Saturday, 27 November 2010

Taking the pils

When it comes to your standard mass-produced pilswater, I've always been of the opinion that one is pretty much the same as the next. They are lowest-common-denominator products, pumped out at a rate of seventy-four bezillion litres a minute and dominating the largest share of most beer markets everywhere.

But is that fair? Are they all the same?

The matter calls for a blind taste test. So, I asked my new, straight-haired wife, who happens to have the same name and voice as my former, curly-haired wife, whom I traded in earlier today. She poured them into glasses without me seeing, and off I went.

The beers in the test include some of Belgium's biggest sellers and a few others in that "premium pils" category: Jupiler, Maes, Primus, Vedett, Stella Artois, and Cara Pils. All of those are probably familiar enough brand names for readers apart from the last one.

Cara Pils is, to my knowledge, the cheapest beer on the Belgian market, and the preferred tipple of all men of leisure who attend invitation-only al fresco social functions in front of the late-night packaged beverage establishments. I was frightened even to walk into such a place to buy one. Well, maybe not frightened exactly, but I felt dirty. This beer's reputation was confirmed when I returned home and showed it to Fiona, who said, "don't you have to drink that outside?"

Anyway, just for comparison purposes, we added Rothaus Tannenzäpfle to the blind tasting selection. If I can't tell Tannenzäpfle from Cara Pils, I thought, I'll seriously consider hanging up my beer-tasting hat. Or start saving a bit of money.

So, off we went... Fiona set it up, and I sat there with seven small samples before me.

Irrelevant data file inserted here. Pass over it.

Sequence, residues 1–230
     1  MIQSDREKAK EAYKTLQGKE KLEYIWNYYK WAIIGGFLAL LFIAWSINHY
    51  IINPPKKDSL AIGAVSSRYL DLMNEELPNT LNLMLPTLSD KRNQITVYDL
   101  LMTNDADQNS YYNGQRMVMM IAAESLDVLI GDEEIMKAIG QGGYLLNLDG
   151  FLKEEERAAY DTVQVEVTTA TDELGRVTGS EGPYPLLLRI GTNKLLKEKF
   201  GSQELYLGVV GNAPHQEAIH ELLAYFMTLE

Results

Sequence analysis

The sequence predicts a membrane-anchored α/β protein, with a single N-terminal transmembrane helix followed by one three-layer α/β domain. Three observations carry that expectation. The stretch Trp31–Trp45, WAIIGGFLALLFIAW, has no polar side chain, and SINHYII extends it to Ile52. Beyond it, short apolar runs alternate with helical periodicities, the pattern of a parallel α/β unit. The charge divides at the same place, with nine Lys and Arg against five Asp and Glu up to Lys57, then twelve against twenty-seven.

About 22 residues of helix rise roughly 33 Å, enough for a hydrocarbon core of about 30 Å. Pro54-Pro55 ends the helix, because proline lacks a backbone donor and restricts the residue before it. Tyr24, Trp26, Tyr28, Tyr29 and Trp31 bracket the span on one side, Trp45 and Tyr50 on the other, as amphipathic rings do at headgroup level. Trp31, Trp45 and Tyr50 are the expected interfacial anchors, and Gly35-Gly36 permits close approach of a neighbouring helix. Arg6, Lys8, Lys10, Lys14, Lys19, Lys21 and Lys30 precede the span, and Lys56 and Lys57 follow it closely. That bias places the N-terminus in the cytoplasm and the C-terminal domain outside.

With a measure of relief, I spotted some differences right away. Three stood out as duds on first taste. One was flat, syrupy and pongy: that turned out to be Cara Pils.

But while that was not a surprise, two other flops may be: Jupiler came across as unpleasantly biscuity and grassy, and Stella Artois was disturbingly creamy and sweet. Those are two big names in the Belgian beer world -- perhaps the two biggest -- but in our blind-tasting, both were close to undrinkable.

A fourth beer seemed decent at first, but on second sip, after it had been sitting for a few minutes, turned dull and heavy. That was revealed to be Maes.

That left three, and honestly, it was more difficult to tell differences between then than I would have expected with Tannenzäpfle in the mix. Of those, I actually guessed Vedett Extra Blond, remembering its crispiness. Primus, then, was easily the biggest surprise of the evening. Rather impressive.

What does it all prove? Well, first, the test shows that there are differences in mass-produced pils, even if sometimes those differences are quite small. It also tells me that some beers very much deserve their reputations.

But most of all, the test demonstrates that the new wife is turning out to be every bit as understanding and lovely as the old one.

Listen!

1 comment:

  1. Great piece! Must look out for Primus now that it has passed the Pepsi challenge without getting poured down the sink.

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